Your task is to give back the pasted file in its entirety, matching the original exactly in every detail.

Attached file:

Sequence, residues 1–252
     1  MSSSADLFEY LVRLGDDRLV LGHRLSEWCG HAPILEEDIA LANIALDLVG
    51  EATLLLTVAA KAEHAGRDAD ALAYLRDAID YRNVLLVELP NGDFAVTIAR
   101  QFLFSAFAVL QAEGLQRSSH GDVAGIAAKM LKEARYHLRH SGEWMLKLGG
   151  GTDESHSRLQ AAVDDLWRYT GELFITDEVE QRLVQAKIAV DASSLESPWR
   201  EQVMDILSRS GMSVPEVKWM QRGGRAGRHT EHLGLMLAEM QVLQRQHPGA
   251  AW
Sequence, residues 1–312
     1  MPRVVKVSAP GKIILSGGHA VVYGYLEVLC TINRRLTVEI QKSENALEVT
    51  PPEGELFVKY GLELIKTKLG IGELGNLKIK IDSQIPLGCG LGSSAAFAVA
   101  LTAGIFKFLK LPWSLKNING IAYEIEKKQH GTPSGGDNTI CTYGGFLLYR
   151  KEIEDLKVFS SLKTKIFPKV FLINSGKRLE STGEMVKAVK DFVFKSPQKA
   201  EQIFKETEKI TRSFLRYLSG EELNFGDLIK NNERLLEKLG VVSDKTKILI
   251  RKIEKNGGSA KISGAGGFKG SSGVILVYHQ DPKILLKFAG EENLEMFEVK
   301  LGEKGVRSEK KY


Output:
Sequence, residues 1–252
     1  MSSSADLFEY LVRLGDDRLV LGHRLSEWCG HAPILEEDIA LANIALDLVG
    51  EATLLLTVAA KAEHAGRDAD ALAYLRDAID YRNVLLVELP NGDFAVTIAR
   101  QFLFSAFAVL QAEGLQRSSH GDVAGIAAKM LKEARYHLRH SGEWMLKLGG
   151  GTDESHSRLQ AAVDDLWRYT GELFITDEVE QRLVQAKIAV DASSLESPWR
   201  EQVMDILSRS GMSVPEVKWM QRGGRAGRHT EHLGLMLAEM QVLQRQHPGA
   251  AW
Sequence, residues 1–312
     1  MPRVVKVSAP GKIILSGGHA VVYGYLEVLC TINRRLTVEI QKSENALEVT
    51  PPEGELFVKY GLELIKTKLG IGELGNLKIK IDSQIPLGCG LGSSAAFAVA
   101  LTAGIFKFLK LPWSLKNING IAYEIEKKQH GTPSGGDNTI CTYGGFLLYR
   151  KEIEDLKVFS SLKTKIFPKV FLINSGKRLE STGEMVKAVK DFVFKSPQKA
   201  EQIFKETEKI TRSFLRYLSG EELNFGDLIK NNERLLEKLG VVSDKTKILI
   251  RKIEKNGGSA KISGAGGFKG SSGVILVYHQ DPKILLKFAG EENLEMFEVK
   301  LGEKGVRSEK KY